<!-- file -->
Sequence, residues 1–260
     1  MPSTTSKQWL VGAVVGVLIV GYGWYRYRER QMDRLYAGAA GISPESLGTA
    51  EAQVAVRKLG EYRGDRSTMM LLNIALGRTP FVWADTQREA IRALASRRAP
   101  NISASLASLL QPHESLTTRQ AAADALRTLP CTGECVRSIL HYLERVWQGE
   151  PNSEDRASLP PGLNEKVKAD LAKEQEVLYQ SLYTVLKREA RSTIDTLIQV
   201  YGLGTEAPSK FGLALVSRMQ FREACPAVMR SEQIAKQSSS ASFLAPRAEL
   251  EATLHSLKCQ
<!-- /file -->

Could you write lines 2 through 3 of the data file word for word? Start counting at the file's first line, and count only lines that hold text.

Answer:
     1  MPSTTSKQWL VGAVVGVLIV GYGWYRYRER QMDRLYAGAA GISPESLGTA
    51  EAQVAVRKLG EYRGDRSTMM LLNIALGRTP FVWADTQREA IRALASRRAP